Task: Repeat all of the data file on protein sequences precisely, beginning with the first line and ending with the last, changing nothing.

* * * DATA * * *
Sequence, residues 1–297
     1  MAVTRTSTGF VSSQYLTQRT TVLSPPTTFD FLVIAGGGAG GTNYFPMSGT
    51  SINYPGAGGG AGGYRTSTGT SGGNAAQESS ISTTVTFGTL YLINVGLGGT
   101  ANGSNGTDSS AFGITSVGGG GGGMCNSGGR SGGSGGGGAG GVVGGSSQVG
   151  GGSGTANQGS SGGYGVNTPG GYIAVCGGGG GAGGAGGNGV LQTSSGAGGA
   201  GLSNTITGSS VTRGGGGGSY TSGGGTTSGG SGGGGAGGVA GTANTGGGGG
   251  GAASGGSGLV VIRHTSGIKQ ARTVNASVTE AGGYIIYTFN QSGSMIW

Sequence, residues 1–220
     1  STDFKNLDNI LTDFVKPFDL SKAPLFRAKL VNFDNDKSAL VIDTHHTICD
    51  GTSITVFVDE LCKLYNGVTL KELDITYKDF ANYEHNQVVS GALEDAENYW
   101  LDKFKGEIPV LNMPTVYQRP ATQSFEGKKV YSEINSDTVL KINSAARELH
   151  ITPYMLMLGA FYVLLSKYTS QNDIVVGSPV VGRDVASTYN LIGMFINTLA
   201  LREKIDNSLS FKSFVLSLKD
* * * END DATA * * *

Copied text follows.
Sequence, residues 1–297
     1  MAVTRTSTGF VSSQYLTQRT TVLSPPTTFD FLVIAGGGAG GTNYFPMSGT
    51  SINYPGAGGG AGGYRTSTGT SGGNAAQESS ISTTVTFGTL YLINVGLGGT
   101  ANGSNGTDSS AFGITSVGGG GGGMCNSGGR SGGSGGGGAG GVVGGSSQVG
   151  GGSGTANQGS SGGYGVNTPG GYIAVCGGGG GAGGAGGNGV LQTSSGAGGA
   201  GLSNTITGSS VTRGGGGGSY TSGGGTTSGG SGGGGAGGVA GTANTGGGGG
   251  GAASGGSGLV VIRHTSGIKQ ARTVNASVTE AGGYIIYTFN QSGSMIW

Sequence, residues 1–220
     1  STDFKNLDNI LTDFVKPFDL SKAPLFRAKL VNFDNDKSAL VIDTHHTICD
    51  GTSITVFVDE LCKLYNGVTL KELDITYKDF ANYEHNQVVS GALEDAENYW
   101  LDKFKGEIPV LNMPTVYQRP ATQSFEGKKV YSEINSDTVL KINSAARELH
   151  ITPYMLMLGA FYVLLSKYTS QNDIVVGSPV VGRDVASTYN LIGMFINTLA
   201  LREKIDNSLS FKSFVLSLKD